The latest Phoenix release ditches webpack and npm for esbuild and… nothing?
Of course, these are just the defaults — docs for Elixir’s esbuild clearly state that NPM is still supported and you can always pass
--no-assetsand do things 100% your way. But it’s easy to underestimate the power of defaults, especially those that cover area outside of target audience’s expertise — which is the case of Phoenix devs and JS bundlers.
In this post, the author lays out how they stitched together an esbuild + npm setup that will likely scale alongside the frontend of your application. I will surely be trying this setup on our app over the next few weeks and might even video it if you’re interested in going along for the ride.
If you follow my blog, you have probably noticed that my articles usually revolve around some deep technical problems and how to go about solving these problems using the amazing Elixir programming language. These posts usually discuss the technical merits surrounding Elixir and the Erlang virtual machine, but rarely touch on the “human” aspects of Elixir.
The goal of today’s post will be to address some of the non-technical aspects of the Elixir programming language and talk about the profound impact they can have on your engineers and your business. I’ll start off by addressing one of the most common concerns I come across when it comes to Elixir - that being that “It is hard to find Elixir developers”.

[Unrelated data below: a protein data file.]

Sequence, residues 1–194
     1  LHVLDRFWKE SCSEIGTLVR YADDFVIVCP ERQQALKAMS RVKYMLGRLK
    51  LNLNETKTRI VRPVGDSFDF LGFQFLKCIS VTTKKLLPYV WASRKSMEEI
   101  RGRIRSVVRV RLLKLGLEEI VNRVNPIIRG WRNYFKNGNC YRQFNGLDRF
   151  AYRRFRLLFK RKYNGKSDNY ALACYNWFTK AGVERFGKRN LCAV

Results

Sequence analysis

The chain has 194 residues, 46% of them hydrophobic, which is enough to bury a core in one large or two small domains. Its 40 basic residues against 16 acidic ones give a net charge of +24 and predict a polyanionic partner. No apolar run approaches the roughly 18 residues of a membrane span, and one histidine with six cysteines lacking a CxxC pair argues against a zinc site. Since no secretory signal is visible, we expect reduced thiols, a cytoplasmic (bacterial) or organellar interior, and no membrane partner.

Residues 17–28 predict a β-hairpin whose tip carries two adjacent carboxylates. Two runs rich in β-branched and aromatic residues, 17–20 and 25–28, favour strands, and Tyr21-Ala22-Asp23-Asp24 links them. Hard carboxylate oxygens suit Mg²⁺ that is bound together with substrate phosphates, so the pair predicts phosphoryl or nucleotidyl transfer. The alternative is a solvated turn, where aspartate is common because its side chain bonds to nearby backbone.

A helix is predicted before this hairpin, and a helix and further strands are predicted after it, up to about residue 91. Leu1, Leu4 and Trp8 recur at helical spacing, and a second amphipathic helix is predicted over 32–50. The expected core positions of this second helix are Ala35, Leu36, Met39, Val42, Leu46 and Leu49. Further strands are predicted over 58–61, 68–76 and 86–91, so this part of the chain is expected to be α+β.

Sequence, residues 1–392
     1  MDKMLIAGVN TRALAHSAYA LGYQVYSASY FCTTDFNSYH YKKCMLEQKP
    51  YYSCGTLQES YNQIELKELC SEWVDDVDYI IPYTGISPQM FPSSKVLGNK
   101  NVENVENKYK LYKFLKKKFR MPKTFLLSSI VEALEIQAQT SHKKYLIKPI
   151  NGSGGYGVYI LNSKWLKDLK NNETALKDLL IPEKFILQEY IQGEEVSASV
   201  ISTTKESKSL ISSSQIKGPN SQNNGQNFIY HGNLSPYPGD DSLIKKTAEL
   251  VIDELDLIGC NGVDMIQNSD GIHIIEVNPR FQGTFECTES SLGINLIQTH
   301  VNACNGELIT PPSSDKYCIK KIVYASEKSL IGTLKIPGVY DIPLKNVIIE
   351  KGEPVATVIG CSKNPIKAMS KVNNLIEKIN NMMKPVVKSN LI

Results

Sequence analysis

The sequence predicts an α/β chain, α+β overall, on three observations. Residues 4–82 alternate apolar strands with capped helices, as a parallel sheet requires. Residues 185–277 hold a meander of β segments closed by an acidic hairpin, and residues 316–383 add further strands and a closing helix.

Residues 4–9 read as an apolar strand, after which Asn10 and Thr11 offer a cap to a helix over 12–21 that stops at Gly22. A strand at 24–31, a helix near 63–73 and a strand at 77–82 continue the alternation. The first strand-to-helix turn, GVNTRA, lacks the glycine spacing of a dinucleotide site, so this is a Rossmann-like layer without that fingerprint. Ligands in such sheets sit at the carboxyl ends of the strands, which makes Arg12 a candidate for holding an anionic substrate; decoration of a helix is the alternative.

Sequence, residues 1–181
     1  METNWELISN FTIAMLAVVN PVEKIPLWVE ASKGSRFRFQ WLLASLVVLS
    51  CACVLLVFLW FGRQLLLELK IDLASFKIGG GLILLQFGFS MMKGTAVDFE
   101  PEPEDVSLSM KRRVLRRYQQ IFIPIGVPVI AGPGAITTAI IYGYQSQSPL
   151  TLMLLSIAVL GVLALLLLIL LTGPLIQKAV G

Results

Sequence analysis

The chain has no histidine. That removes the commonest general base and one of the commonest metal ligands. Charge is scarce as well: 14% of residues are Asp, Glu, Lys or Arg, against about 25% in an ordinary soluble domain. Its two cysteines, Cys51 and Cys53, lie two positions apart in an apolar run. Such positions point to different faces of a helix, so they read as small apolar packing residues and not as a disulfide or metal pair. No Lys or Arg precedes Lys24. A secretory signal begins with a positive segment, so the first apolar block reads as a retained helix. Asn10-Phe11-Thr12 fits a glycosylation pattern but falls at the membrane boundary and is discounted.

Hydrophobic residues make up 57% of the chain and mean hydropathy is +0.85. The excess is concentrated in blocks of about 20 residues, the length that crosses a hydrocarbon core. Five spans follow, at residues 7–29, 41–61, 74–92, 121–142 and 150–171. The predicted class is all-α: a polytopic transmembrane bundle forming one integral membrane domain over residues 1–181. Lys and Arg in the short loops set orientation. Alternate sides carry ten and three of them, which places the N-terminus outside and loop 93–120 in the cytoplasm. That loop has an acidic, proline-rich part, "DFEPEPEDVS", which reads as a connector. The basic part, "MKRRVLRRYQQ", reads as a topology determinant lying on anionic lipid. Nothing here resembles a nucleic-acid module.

An excellent goal for a blog post. I’d love to see more like this for each and every sub-community in the software world.
This week on Ship It! Gerhard talks with Lars Wikman (independent Elixir/BEAM software consultant) why sometimes a monolith running on a single host with continuous backups and a built-in self-restore capability is everything that a small team of developers needs. That’s right, no Kubernetes or microservices. After 2 years of running changelog.com, a Phoenix monolith, on Kubernetes, what do I think? Join our discuss and find out!
Yejun Su is using Numerical Elixir’s new Livebook project for more than just Numerical Things.
Before Livebook, I write code in IEx, which is a REPL. It has some helpers to ease the way to explore code, but in my opinion, Livebook exceeds in two factors: